”Just one part missing …and we have to stop everything”, is one way of describing an assembling business, even if the sector is highly diversified. Yet Ariane rocket engine assemblers would recognize themselves here in the same way as assembly teams working on small domestic appliances. These businesses may differ every way you look at them (size, pace, speed of execution, competencies,…), they nevertheless share the same “missing part” dilemma.
This is a complicated subject. It calls on both unfailing operational logistics upstream and well-tuned planning systems. Design here also plays a major role. The knock-on effect of standardization achieved at source is indeed considerable, bringing simplification, postponement, mount-to-order and short-cycle delivery possibilities, not forgetting of course a reduction in working capital.
Businesses in the sector need at the same time to increase their organizational, supply chain and technical performance if they wish to remain in western countries. The challenge, if ambitious, is far from unrealistic, considering the scale of progress still to be made.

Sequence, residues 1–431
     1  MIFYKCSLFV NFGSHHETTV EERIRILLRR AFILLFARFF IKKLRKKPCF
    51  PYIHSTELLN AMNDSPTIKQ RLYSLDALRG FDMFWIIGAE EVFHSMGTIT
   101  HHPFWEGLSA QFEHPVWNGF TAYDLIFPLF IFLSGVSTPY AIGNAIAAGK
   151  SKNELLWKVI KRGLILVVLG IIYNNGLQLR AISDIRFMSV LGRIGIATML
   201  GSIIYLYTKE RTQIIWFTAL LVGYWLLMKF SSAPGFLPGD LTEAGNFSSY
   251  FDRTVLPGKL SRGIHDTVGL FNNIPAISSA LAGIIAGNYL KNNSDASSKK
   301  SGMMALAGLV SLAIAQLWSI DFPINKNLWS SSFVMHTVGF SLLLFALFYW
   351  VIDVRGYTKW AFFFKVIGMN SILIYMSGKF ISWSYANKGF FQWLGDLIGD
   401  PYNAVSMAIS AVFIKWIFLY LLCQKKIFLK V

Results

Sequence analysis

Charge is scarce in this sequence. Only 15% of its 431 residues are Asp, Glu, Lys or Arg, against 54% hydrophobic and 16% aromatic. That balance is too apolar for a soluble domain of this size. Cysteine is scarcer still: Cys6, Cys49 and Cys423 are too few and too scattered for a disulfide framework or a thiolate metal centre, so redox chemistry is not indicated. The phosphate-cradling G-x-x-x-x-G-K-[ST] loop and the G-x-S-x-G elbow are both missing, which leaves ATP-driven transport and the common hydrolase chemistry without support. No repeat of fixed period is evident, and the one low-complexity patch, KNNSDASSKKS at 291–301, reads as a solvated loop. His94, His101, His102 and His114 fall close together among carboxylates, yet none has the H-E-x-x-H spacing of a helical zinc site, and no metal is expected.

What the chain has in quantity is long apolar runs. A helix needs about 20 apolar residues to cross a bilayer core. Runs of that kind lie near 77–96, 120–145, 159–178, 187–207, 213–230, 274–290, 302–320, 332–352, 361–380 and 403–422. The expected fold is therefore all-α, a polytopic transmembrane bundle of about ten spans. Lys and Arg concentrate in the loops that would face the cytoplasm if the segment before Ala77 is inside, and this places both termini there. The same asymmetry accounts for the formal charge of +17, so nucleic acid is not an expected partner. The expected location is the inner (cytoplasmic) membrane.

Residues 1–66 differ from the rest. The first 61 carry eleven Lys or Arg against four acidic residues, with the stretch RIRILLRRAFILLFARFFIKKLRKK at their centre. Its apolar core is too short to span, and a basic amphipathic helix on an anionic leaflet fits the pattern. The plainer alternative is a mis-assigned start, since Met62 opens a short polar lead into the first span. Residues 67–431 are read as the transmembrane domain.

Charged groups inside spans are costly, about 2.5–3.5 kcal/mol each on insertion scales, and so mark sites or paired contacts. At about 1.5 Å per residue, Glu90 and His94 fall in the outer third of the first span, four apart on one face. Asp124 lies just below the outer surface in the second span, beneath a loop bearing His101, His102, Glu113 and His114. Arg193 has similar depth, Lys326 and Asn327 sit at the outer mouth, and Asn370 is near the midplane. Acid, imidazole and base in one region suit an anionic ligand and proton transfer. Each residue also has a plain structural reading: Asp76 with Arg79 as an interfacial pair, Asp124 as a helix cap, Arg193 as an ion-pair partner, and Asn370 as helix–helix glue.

Assembling Sector Head
06 83 82 51 77
As their industry booms, luxury businesses quite brazenly stand out from those in other industrial sectors!
While their professions do sometimes differ substantially, they at least share two main concerns. On the one hand, awareness based on the art of the image and on positions held and magnified over many years. On the other, the highest of standards, and this can be seen in the care and attention to detail and in the quality of a job well done.
These firms are today facing quite significant challenges. Increasingly having to address the Global market, they need to expand and extend their visibility and awareness by investing considerably to establish locations ahead of the competition. As this more often than not involves moving towards Asia, they have moreover to devise complex supply chain systems (sourcing, supplies, production, quality, distribution…and the appropriate information systems) for products which are continuously renewed against a backdrop of numerous subjects such as the “made in” question, customs barriers, product safety,….